And the Recriminations Fly!

The defeat of the Bush bailout plan brought charge and counter-charge between the Republican and Democratic leaders of the House. 133 Republicans and 95 Democrats rejected the bill, with Republicans charging that a “partisan” speech by Speaker Pelosi before the vote pushed enough Republicans into a no vote to derail the bill. From the Washington Post:

After a week of intense debate in both party caucuses, 95 Democrats and 133 Republicans opposed the bill just five weeks before they face voters in an election that is shaping up as a referendum on the economy; 140 Democrats and 65 Republicans supported the controversial measure.

Republican and Democratic House leaders later blamed the defeat of the bill on each other but vowed to continue working to produce legislation that could pass Congress. They did not say when this could happen.

The Republican leadership, which had signed onto the bill, laid the defeat right on the doorstep of Speaker Pelosi.

“Americans are angry, and so are my colleagues,” House Minority Leader John A. Boehner (R-Ohio) told reporters after the vote. “They don’t want to have to vote for a bill like this.” Now, he said, “we need to renew our efforts to find a solution that Congress can support.”

Rep. Roy Blunt (R-Mo.), the minority whip, said, “We’d like to find a way to deliver enough Republican votes to make this happen.”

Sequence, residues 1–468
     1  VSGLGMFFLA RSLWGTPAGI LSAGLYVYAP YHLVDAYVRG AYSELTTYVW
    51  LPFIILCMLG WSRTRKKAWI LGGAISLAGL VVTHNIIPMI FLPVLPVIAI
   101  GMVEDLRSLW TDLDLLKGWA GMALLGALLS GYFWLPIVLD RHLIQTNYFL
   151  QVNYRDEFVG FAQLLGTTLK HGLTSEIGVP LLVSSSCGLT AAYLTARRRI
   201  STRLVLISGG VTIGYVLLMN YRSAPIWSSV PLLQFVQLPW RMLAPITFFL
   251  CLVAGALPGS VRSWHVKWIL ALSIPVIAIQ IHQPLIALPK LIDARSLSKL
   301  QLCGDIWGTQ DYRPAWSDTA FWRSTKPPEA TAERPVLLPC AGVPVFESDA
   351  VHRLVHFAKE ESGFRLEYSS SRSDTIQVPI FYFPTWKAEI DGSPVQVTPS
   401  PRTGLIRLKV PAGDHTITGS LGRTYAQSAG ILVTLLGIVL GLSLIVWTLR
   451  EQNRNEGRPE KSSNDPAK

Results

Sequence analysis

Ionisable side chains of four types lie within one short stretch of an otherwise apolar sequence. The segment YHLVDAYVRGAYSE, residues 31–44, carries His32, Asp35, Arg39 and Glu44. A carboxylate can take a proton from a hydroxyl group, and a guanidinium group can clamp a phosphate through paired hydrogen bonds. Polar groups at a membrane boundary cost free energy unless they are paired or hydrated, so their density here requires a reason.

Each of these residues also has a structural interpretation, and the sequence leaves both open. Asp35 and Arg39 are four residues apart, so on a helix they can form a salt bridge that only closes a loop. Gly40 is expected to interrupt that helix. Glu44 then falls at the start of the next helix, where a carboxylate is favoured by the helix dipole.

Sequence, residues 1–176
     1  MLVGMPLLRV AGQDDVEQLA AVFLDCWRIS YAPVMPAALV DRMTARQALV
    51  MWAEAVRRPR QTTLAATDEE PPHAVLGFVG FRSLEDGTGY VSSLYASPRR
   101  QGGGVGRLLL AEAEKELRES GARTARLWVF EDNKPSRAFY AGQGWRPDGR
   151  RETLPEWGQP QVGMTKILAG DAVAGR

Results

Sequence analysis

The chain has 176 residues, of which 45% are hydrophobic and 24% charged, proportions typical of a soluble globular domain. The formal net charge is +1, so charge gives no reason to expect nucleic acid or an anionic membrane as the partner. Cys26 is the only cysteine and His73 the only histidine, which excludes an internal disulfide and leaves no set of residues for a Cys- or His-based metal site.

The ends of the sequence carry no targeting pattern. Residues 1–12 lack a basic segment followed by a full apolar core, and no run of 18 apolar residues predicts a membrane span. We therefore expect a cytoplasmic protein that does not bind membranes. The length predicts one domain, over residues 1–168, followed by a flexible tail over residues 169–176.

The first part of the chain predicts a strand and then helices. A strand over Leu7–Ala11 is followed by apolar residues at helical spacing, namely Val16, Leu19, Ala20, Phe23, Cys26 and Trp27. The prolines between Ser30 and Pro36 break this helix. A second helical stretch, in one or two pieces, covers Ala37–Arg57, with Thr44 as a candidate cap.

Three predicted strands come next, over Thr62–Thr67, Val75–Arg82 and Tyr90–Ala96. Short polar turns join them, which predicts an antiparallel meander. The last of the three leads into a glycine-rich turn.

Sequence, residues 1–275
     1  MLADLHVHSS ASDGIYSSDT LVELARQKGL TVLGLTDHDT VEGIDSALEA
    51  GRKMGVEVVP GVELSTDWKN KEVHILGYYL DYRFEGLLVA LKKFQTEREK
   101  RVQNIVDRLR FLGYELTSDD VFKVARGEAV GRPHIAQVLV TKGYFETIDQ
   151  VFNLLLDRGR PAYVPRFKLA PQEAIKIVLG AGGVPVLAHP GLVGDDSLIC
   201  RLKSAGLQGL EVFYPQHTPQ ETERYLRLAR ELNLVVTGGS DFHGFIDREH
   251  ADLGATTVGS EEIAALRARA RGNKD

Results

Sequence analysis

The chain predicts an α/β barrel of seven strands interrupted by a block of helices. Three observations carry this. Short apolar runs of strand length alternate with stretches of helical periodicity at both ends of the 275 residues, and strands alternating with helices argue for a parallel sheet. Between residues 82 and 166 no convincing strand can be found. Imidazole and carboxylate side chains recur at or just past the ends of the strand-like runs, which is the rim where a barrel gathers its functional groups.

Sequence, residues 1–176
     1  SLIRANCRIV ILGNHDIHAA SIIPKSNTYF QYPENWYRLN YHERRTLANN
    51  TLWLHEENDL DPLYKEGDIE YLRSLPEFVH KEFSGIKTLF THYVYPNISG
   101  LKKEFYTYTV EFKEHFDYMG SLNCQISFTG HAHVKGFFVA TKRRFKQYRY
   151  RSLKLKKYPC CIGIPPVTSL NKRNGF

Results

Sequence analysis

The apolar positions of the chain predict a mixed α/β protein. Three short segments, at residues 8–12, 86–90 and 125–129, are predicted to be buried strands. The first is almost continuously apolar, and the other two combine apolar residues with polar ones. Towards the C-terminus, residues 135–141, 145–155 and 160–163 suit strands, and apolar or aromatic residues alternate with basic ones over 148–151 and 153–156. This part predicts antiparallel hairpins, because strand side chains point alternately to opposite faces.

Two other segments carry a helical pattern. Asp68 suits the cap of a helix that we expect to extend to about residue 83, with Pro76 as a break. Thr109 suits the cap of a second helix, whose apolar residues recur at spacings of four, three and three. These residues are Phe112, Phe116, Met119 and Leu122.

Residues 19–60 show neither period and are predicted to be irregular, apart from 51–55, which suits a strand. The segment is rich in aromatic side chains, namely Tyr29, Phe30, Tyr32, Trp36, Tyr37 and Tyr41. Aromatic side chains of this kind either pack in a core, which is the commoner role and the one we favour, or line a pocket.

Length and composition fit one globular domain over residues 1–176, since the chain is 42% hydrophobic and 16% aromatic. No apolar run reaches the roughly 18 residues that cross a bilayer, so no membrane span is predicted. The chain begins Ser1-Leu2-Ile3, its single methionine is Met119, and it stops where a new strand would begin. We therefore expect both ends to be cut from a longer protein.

Boehner charged that the bill could have passed today “had it not been for the partisan speech that the speaker gave on the floor of the House.” Other Republican leaders also berated Pelosi.

“We thought we had a dozen more votes,” Blunt said. However, “it didn’t take much to turn them off,” he said. “A bipartisan solution is only as good as the last person that throws a bomb into the room.”

And what was it that sent the Republicans into a tailspin? The Speaker lambasted the policies of the Bush Administration forcefully.

At the beginning of a floor speech urging support for the bill, Pelosi denounced the $700 billion price tag as “the costs of the Bush administration’s failed economic policies — policies built on budgetary recklessness, on an anything-goes mentality, with no regulation, no supervision, and no discipline in the system.”

If in fact this bill is the right prescription for the financial system then both sides should hang their heads in shame. We could have done without partisan rhetoric from the Speaker, despite the fact that I truly believe not one Republican vote was swayed by her talk. And the Republican leadership and the President were humiliated by their inability to deliver Republican votes for this package. Rep. Issa of California, a leader of the Republican rank and file that voted no, went on Hardball and condemned the President and the Treasury Secretary in unusually harsh terms.

It looks like we need some adults in the room. With the stock market tanking today and the Fed forced to inject massive amounts of liquidity into the system where do we end up tommorow? The focus on the stock market took attention away from that Fed action. And that Fed intervention was large.